Paranal–Armazones to be Connected to Chilean Power Grid
19 Giugno 2014
ESO has signed an agreement with the company Grupo SAESA to connect its sites at Cerro Paranal and Cerro Armazones to the Chilean electric power grid. The new connection will reduce costs and provide greater reliability and stability, as well as reduce the observatory’s carbon footprint.
The remoteness of the Atacama Desert presents significant challenges to ESO’s operations at its ALMA and Paranal observing sites as they currently have no connection to the Chilean power grid , relying instead on their own supply of energy. A power generating station currently operates at Paranal to supply the observatory .
Despite the addition of the VISTA and VST survey telescopes, power use has remained stable over the past few years at Paranal. As just one example, a new, more modern laser guide star was recently installed at Paranal (ann11039), effectively reducing the power consumption to less than a tenth of the old laser.
The future needs of the European Extremely Large Telescope (E-ELT) at Cerro Armazones, 22 kilometres east of Cerro Paranal, now warrant a connection to the grid to satisfy the electric power requirements at both sites.
The Chilean government has strongly supported hosting the E-ELT on Chilean land (eso1139). The Chile–ESO agreement on the E-ELT resulted in a new agreement with Grupo SAESA (Sociedad Austral de Electricidad S.A.) for the sites to be connected to a 220 kilovolt substation through a 220/66 kilovolt power transformer, a 66 kilovolt overhead line and a 66/23 kilovolt substation. Both Cerro Paranal and Cerro Armazones will be connected to this 66/23 kilovolt substation by means of two separate 23 kilovolt overhead power lines. A dedicated 23/10 kilovolt power transformer will be installed to adapt the 10 kilovolt system currently operating at Cerro Paranal to the 23 kilovolt of the grid . It is foreseen that the grid connection will be completed in 2018.
With the grid connection at Paranal and Armazones ESO will also become a “regulated electricity customer” of the Chilean Sistema Interconectado Central. The grid connection is one of a series of initiatives ESO is taking to tackle the environmental impacts of its operations as it will not only reduce costs and increase the reliability and stability of the power supply, but also significantly reduce the observatory’s carbon footprint.
In the Chilean interconnected power systems non-conventional renewable energy sources are going to constitute an ever-growing share of the power and energy mixes. Green energy in the grid is strongly supported by the Chilean government, who aims to increase the overall Chilean green energy component to 25% by 2020, with a possible target of 30% by 2030.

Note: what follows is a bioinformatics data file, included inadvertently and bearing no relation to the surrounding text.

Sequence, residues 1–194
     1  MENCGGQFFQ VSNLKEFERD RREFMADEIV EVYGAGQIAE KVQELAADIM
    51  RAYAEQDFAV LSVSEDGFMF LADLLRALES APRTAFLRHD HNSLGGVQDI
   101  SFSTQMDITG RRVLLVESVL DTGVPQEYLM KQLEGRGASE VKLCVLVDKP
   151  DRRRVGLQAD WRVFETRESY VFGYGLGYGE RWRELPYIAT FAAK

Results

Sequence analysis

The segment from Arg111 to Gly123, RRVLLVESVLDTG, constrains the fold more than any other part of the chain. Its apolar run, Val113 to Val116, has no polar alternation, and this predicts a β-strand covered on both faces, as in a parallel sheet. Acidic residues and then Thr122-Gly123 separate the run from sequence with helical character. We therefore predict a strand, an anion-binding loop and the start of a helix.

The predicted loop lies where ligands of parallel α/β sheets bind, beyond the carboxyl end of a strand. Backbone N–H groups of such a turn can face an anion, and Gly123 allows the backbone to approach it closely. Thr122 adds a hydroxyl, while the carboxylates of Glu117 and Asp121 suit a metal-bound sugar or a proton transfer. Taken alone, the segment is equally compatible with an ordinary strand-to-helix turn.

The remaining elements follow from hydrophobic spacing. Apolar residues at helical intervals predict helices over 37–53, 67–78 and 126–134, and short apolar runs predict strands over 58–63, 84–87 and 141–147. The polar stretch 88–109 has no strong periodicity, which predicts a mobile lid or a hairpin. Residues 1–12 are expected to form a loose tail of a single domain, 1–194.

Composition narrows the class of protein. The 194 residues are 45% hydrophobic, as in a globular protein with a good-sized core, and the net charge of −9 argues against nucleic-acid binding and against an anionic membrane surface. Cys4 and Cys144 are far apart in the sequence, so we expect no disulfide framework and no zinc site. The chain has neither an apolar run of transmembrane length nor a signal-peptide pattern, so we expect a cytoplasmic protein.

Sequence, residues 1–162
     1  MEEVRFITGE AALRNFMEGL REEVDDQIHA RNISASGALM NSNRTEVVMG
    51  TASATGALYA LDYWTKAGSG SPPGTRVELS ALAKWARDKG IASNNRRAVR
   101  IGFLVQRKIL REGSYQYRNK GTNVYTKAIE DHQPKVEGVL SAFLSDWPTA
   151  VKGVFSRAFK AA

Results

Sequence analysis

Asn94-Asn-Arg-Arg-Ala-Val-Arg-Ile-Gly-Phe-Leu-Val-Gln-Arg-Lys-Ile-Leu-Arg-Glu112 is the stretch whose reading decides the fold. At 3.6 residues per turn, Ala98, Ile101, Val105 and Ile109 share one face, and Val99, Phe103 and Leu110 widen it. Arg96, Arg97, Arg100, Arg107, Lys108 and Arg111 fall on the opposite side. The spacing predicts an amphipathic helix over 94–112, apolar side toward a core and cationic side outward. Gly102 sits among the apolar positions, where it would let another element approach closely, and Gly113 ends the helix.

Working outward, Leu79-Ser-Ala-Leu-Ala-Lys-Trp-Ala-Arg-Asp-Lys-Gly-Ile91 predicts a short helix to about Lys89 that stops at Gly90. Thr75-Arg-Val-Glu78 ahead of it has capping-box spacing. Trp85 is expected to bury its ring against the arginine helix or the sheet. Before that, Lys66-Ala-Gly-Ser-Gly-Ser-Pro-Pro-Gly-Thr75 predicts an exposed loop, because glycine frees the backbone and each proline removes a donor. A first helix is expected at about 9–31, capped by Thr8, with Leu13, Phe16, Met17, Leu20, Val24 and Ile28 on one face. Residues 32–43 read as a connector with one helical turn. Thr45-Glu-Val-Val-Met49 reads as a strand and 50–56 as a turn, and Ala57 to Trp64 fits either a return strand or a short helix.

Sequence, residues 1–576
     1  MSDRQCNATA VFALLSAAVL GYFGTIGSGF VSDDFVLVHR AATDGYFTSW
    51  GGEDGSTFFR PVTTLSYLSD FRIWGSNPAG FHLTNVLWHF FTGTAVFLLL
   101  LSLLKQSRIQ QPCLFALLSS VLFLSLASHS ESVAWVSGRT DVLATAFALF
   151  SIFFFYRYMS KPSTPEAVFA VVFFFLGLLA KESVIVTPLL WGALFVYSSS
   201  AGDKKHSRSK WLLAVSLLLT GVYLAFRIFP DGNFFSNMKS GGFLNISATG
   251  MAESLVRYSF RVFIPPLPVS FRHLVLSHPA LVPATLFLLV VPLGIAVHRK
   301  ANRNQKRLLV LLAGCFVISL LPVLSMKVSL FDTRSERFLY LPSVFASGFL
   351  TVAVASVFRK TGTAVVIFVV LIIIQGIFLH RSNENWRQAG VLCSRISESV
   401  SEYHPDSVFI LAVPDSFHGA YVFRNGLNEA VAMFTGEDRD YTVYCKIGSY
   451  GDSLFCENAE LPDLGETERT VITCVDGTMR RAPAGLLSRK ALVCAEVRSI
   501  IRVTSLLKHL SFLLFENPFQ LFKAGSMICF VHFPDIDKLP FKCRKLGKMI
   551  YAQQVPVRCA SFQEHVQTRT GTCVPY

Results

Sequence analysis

The main electricity grid in Chile spanning most of Chile from III Region (Atacama) in the north to X Region (Los Lagos) towards the south is known as the Sistema Interconectado Central (SIC, Central Interconnected System). In the north, the Sistema Interconectado del Norte Grande (SING) extends from XV Region (Arica y Parinacota), through I Region (Tarapacá) and down to the II Region (Antofagasta).
 The power generating station at Paranal currently comprises one multi-fuel turbine-generator set (rated about 2.6 Megawatts at the site) and three diesel generator sets (3 x 856 kilowatts). All generators are directly connected to the medium voltage (10 kilovolt) distribution system at the Paranal Observatory.
 The power line will connect to the substation to be built close to Paranal. A main high voltage transformer will be used to step the voltage down to the Armazones voltage level. Paranal will be connected through two transformers, so as to retain the ability to provide power to Armazones using the standby generators in case of power failure. A medium voltage substation will also be built at the Armazones summit area.
ESO is the foremost intergovernmental astronomy organisation in Europe and the world’s most productive ground-based astronomical observatory by far. It is supported by 15 countries: Austria, Belgium, Brazil, the Czech Republic, Denmark, France, Finland, Germany, Italy, the Netherlands, Portugal, Spain, Sweden, Switzerland and the United Kingdom. ESO carries out an ambitious programme focused on the design, construction and operation of powerful ground-based observing facilities enabling astronomers to make important scientific discoveries. ESO also plays a leading role in promoting and organising cooperation in astronomical research. ESO operates three unique world-class observing sites in Chile: La Silla, Paranal and Chajnantor. At Paranal, ESO operates the Very Large Telescope, the world’s most advanced visible-light astronomical observatory and two survey telescopes. VISTA works in the infrared and is the world’s largest survey telescope and the VLT Survey Telescope is the largest telescope designed to exclusively survey the skies in visible light. ESO is the European partner of a revolutionary astronomical telescope ALMA, the largest astronomical project in existence. ESO is currently planning the 39-metre European Extremely Large optical/near-infrared Telescope, the E-ELT, which will become “the world’s biggest eye on the sky”.
- Green ESO page
- ESO, the E-ELT and the Grid Electricity Supply for the VLT and E-ELT (.ppt presentation in Spanish and English)
- Grid Electricity Supply for the VLT and E-ELT (procurement brochure in English)
- SAESA Group (Sociedad Austral de Electricidad S.A.)
ESO E-ELT Programme Manager
Garching bei München, Germany
Tel: +49 89 3200 6367
Lars Lindberg Christensen
Head of ESO ePOD
ESO ePOD, Garching, Germany
Tel: +49 89 3200 6761
Cellular: +49 173 3872 621